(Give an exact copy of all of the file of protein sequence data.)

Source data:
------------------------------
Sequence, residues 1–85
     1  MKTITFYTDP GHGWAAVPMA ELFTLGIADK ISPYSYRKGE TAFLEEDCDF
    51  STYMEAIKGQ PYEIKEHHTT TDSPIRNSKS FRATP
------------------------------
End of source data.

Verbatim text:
Sequence, residues 1–85
     1  MKTITFYTDP GHGWAAVPMA ELFTLGIADK ISPYSYRKGE TAFLEEDCDF
    51  STYMEAIKGQ PYEIKEHHTT TDSPIRNSKS FRATP